(Editor’s Note – The opinions expressed in this blog belong solely to the author. Any questions/comments should be directed to its author, Josh Selig, and not KidScreen.com/KidScreen Magazine.)
I read once that when the US economy is bad, sales of Campbell’s soup go up. This is because it’s a “comfort food,” which means that when people eat it they feel more comfortable. I suspect Campbell’s soup reminds them of happier times, like their childhoods, or perhaps the childhoods that they wish they had had. But Campbell’s soup doesn’t taste very good, which is why people don’t eat it much when they already feel happy and secure. In good times, they go for things that are yummy and interesting: sushi, Spanakopita, or perhaps a nice vindaloo. It’s only under duress that humans choose the safe, tasteless option.
My guess is that it’s this same sort of insecurity that’s driving so many kids’ companies to look for comfort in old, familiar brands these days. Maybe they believe the name recognition will give them a leg up in this tough market but, as someone who values children’s television as a creative medium, I find the resurgence of these “classic” brands to be unfortunate and, I have to say it, boring.
What puzzles me about the trend is that the biggest hits of the past decade or so have been bold, creator-driven shows like “Teletubbies,” “Blue’s Clues” or “Peppa Pig.” So I’m confused as to why anyone would think they have a better shot at ratings or licensing gold with the old stuff than with the new stuff. Even Endemol, one of the biggest and best media companies on earth, is choosing to “dip its toe” into preschool TV not with the latest IP from Ragdoll, Little Airplane, or their own Tiger Aspect, but with “Bananas in Pajamas,” a lovely series that began as a song on “Play School” in 1967 and premiered as a preschool show on the ABC in 1992. Yes, the bananas and their pajamas are now animated, but is that really enough to make them a hit?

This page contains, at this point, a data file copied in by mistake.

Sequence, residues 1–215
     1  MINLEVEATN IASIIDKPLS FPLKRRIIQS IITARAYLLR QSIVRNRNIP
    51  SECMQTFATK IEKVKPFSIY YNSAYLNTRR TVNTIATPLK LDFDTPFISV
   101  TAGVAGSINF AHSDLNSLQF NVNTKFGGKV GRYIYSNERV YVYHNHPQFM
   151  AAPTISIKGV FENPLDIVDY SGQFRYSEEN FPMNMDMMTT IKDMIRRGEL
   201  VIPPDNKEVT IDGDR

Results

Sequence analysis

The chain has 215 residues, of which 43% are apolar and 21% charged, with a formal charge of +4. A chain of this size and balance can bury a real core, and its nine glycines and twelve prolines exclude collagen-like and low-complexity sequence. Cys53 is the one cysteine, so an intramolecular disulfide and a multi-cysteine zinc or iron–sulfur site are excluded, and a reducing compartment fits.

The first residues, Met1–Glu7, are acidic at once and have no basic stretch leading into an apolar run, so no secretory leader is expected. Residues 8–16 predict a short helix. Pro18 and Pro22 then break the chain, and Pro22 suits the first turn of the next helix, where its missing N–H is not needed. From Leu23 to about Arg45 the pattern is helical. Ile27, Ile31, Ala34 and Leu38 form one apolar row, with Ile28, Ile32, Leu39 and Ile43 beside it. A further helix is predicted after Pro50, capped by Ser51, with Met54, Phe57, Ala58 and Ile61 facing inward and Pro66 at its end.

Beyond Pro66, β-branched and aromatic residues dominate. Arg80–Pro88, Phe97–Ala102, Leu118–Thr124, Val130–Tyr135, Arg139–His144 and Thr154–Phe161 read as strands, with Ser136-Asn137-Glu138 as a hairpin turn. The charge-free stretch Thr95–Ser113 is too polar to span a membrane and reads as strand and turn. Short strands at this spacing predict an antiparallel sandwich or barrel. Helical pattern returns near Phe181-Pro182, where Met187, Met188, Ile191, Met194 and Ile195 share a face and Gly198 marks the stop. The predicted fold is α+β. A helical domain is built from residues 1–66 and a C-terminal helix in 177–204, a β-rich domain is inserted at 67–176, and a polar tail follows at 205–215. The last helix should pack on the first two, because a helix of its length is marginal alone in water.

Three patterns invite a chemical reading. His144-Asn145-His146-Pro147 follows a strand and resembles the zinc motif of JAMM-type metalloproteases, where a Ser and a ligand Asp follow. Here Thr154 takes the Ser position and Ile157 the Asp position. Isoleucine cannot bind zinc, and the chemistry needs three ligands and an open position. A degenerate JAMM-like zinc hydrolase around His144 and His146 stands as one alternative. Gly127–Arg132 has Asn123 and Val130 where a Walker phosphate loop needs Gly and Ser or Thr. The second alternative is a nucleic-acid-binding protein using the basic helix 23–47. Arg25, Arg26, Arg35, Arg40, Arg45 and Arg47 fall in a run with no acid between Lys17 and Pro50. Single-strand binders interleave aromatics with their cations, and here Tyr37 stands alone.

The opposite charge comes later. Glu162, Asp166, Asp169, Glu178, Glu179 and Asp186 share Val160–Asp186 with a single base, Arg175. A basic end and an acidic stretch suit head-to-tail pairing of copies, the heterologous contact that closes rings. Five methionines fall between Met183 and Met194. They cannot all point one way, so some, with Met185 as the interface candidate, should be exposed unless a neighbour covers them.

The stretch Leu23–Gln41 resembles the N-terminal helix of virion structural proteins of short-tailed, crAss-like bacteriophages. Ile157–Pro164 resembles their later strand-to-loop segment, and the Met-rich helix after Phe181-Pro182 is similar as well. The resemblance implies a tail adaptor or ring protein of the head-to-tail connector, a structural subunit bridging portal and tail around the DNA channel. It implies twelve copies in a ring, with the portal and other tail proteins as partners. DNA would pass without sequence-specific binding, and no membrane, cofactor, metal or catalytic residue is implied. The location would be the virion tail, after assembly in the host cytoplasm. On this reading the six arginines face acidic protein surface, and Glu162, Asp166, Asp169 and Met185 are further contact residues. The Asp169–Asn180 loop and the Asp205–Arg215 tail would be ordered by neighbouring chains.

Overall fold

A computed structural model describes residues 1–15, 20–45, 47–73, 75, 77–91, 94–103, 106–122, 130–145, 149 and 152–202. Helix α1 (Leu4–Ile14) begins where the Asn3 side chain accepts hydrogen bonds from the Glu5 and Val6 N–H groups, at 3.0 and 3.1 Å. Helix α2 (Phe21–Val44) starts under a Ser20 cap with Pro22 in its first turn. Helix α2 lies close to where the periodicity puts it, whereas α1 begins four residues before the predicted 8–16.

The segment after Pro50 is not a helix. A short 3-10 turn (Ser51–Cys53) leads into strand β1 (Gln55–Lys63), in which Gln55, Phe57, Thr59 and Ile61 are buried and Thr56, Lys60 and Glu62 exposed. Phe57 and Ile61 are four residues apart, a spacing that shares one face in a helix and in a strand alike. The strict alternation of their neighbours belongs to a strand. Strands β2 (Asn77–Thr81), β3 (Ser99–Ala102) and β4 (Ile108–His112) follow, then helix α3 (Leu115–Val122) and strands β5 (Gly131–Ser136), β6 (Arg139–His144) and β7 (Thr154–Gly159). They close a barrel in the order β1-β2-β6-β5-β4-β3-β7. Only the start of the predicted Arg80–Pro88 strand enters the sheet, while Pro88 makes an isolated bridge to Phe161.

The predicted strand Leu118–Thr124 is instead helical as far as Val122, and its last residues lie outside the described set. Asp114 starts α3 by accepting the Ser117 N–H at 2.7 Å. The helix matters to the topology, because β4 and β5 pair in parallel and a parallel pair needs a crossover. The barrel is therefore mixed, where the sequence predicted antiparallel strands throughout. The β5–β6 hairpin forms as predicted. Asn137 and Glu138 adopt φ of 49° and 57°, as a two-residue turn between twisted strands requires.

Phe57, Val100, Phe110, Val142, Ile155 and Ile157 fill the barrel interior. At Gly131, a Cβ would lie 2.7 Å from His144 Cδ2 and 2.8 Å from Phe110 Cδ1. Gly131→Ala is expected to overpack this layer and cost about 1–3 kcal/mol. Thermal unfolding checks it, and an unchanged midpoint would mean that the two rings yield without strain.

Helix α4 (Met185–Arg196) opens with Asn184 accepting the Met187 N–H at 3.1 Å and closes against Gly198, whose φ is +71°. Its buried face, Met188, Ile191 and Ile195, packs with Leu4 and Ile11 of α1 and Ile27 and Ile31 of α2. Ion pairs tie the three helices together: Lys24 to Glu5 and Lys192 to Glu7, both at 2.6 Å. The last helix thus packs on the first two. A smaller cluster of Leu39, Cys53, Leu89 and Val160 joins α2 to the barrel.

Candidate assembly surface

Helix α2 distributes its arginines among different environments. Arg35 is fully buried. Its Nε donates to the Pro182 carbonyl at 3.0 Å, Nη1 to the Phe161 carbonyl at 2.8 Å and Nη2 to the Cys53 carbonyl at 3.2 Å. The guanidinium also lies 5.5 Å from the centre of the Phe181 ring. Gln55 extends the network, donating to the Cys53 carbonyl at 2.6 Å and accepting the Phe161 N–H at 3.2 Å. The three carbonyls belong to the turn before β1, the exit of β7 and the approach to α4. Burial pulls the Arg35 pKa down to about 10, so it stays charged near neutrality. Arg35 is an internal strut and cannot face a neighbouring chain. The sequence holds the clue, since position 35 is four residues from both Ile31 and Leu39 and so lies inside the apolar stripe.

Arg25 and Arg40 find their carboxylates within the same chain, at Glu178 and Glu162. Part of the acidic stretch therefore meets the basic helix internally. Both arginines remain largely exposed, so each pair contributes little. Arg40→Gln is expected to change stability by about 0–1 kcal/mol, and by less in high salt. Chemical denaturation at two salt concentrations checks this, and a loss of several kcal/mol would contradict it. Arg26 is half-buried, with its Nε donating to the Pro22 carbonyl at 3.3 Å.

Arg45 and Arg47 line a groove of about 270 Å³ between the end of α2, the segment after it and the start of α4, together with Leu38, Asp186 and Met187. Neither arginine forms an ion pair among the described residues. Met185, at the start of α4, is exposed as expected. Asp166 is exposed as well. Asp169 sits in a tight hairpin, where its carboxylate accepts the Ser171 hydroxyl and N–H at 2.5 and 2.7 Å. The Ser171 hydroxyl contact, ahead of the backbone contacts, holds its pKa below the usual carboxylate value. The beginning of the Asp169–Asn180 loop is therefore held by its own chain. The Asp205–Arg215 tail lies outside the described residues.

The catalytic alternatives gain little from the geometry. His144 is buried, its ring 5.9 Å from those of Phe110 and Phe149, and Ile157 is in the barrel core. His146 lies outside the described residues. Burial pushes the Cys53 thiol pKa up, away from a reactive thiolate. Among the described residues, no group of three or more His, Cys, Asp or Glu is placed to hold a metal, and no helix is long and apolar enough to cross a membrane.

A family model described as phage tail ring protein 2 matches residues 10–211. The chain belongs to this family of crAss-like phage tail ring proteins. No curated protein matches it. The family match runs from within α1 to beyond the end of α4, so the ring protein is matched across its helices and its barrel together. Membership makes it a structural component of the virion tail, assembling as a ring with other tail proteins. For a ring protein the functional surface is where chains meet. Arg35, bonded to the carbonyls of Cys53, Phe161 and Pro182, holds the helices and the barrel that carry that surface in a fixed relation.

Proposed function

For better or for worse, I like new stuff. I’m probably the only person in my company who feels relieved when one of our shows goes out of production after two or three seasons. By then, I’ve usually moved on creatively to whatever’s next on our development slate. Back in 2003, the highlight of our “Oobi!” wrap party wasn’t sharing memories about making “Oobi!” but sharing our first-ever animated project, an unusual pilot we called, “The Power Pets.”
I suspect that from a commercial perspective, the old stuff is simply less risky than the new stuff. And I can see why someone would choose Campbell’s soup over a new brand of soup that they’d never heard of. Depending on my mood that day, I might do the same. But when it comes to preschool TV shows, mine or anyone else’s, I’ll always be more interested in the new, risky thing than the old thing.
I know that most people in our industry gauge success by their financial bottom line, regardless of the quality or originality of what they’re producing. Not me. If I was just looking to make money, I’d get into something more profitable, like reality shows or championship wrestling.
I still judge success by what we are contributing to the lives of the families who watch our shows. And I was thrilled this week when J.J. Johnson, Blair Powers and Matt Bishop won a Gemini for Best Preschool Series for “The Ocean Room.” Why? Because Sinking Ship makes innovative, creator-driven programs that outperform so many bigger-budget series, including my own. And they succeed not because they’re listening to the gospel of licensing people or nervously trying warm up old brands from the 80′s. They succeed because their shows are beautiful, brave and new.